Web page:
Updated and Translated, ‘Hiroshima Archive’ Preserves Eyewitness Testimony of Atomic Attack

Hiroshima Archive

Screenshot of Hiroshima Archive project online mapping tool.

A newly translated interactive mapping project combines first-hand testimony from many witnesses to comprehensively document the bombing of Hiroshima and its aftermath.

The goal of the Hiroshima Archive and an earlier mapping project documenting the bombing of Nagasaki is to preserve the memory of what happened now that more than 70 years have passed since the end of the war, and fewer witnesses and survivors remain alive to pass on their stories.

On August 6, 1945, in the final days of World War II, an American aircraft dropped an atomic bomb on the city of Hiroshima in western Japan. Up to 80,000 people—30% of the population of Hiroshima— were killed instantly, and much of the city was destroyed. Three days later, on August 9, 1945, the city of Nagasaki experienced a similar attack.

The Hiroshima Archive provides a personalized experience of what happened during the bombing. For example, using the online tool, archive users can view a 1945 map of Hiroshima while browsing survivors’ accounts and photos, and where they were located in Hiroshima at the time of the attack. It's possible to then switch to a contemporary aerial photograph of Hiroshima to see how the location has changed in the years since 1945.

hiroshima archive

The Hiroshima Archive maps the eyewitness testimony of bombing survivors such as Hiroso Niimi. Screenshot from Hiroshima Archive.

“More than 70 years since the atomic bombs fell upon Hiroshima and Nagasaki,” said project lead Hidenori Watanave in an interview with Global Voices about the Hiroshima Archive. “Few survivors remain today and soon there will be none. Who then can speak from personal experiences of the effects of nuclear war upon humanity?”

A video walk-through of the original Japan-language version of the archive, which has been been online since 2011, provides an introduction to the scope and depth of the online archive:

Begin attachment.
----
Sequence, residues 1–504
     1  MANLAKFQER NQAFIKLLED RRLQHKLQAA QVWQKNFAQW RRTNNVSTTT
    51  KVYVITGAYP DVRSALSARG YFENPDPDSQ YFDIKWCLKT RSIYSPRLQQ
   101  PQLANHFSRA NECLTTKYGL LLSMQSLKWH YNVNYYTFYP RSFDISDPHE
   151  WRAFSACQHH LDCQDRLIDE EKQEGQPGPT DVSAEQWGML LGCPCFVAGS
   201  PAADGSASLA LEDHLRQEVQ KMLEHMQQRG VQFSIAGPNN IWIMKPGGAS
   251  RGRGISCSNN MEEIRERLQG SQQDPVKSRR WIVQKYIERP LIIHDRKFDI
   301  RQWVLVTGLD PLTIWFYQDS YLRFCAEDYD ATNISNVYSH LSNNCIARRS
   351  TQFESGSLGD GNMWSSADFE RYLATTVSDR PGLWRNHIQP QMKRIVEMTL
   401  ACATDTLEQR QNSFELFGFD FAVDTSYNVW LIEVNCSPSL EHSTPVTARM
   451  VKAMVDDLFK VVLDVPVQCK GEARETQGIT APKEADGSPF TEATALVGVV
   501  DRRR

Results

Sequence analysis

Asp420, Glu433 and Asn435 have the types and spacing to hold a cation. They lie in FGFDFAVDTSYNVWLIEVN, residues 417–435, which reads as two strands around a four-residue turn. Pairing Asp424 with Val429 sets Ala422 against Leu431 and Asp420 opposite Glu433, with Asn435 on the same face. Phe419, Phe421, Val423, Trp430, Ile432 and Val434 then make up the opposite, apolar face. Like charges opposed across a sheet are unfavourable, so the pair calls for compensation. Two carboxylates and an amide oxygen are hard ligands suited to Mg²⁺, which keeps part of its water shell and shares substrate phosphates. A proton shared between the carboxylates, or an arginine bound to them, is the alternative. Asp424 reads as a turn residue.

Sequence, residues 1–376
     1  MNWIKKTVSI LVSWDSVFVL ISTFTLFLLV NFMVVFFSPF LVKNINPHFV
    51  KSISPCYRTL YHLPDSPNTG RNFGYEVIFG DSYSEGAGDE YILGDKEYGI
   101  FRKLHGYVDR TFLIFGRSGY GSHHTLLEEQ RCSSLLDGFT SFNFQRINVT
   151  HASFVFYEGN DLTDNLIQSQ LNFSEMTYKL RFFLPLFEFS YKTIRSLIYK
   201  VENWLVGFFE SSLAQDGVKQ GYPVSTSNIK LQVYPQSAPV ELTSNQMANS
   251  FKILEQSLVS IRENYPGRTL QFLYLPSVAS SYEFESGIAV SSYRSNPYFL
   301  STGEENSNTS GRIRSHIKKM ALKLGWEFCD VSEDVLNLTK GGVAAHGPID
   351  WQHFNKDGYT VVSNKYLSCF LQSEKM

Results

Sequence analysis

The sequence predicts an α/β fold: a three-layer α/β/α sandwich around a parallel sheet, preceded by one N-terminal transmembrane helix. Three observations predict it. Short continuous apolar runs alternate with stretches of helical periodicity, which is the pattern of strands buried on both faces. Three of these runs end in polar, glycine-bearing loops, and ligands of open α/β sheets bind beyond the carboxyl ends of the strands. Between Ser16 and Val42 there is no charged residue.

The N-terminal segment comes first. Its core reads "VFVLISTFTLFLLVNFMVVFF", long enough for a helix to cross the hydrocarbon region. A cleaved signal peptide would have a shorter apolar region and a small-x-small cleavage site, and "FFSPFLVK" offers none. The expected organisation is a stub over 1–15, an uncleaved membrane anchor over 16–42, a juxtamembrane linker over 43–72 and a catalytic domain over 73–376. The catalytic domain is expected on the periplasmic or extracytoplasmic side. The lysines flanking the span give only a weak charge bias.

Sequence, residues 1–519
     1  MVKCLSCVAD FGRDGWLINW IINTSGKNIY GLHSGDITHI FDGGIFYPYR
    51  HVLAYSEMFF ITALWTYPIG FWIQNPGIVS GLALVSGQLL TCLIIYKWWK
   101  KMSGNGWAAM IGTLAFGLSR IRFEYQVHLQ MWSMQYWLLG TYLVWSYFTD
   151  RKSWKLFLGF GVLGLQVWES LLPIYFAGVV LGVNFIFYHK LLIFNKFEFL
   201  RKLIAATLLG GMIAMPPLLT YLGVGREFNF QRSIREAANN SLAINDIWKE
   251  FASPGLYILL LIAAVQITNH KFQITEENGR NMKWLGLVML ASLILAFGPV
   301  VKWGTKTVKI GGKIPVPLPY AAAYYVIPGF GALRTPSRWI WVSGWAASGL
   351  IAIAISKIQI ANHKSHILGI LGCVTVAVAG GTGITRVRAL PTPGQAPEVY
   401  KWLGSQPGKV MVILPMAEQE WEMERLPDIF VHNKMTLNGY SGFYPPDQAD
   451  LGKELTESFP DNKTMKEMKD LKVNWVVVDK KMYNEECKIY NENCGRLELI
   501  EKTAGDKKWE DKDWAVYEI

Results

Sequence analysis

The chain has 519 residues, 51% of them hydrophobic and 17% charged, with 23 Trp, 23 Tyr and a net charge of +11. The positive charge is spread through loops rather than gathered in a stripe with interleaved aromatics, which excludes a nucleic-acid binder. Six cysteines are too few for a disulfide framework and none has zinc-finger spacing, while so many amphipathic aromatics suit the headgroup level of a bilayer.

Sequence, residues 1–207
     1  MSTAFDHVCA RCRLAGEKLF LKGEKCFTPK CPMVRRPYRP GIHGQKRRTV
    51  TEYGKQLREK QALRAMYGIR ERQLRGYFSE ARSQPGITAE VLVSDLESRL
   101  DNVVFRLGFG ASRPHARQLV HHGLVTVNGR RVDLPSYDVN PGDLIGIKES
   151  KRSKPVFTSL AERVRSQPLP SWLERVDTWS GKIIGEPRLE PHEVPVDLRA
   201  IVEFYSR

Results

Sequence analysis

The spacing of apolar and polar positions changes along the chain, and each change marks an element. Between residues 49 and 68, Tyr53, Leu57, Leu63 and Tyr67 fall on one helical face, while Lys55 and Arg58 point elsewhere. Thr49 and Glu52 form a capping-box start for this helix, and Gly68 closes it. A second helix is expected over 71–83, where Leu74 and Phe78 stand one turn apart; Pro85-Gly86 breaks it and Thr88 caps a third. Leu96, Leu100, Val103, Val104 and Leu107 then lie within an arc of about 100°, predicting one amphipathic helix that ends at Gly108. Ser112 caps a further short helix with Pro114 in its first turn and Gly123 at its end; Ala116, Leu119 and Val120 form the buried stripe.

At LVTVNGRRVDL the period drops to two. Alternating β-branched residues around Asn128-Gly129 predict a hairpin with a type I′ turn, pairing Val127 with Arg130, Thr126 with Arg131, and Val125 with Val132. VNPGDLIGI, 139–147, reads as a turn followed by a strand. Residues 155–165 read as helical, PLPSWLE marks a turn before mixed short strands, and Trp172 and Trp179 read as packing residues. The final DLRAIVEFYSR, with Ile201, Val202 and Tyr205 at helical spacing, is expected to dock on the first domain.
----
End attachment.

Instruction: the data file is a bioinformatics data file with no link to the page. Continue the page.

Besides being recently translated into English, the online mapping tool has been migrated from Google Earth to a new format that can be accessed by any browser in any operating system.

Watanave's technology makes use of Cesium, a JavaScript library for creating 3D globes and 2D maps in a web browser without a plugin. Watanave is also the creator of a similar innovative mapping project that tracks the last moments of the victims of the March 2011 earthquake and tsunami in Japan:

Screenshot of video walk-through of interactive map of Tohoku Tsunami. Image taken from YouTube.

There are plans to use The Hiroshima Archive and The Nagasaki Archive at two youth peace conferences in Boston and New York. The project will include talks by atomic bomb survivors living in the United States, an exhibition of archive materials, as well as opportunities for discussion among Japanese and American youth, and other participants and members of the public.

The high school students in Hiroshima and Nagasaki who are organizing the conference are seeking help through crowdfunding:

Those of us involved in the Nagasaki/Hiroshima Archives would like to […] send high school students from Hiroshima and Nagasaki to the United States to hold the Japan-U.S. High School Student Peace Conference. Participants in the conference will include Japanese and American high school students, as well as the public and atomic bomb victims living in the U.S.

More details about the crowdfunding campaign can be found here.


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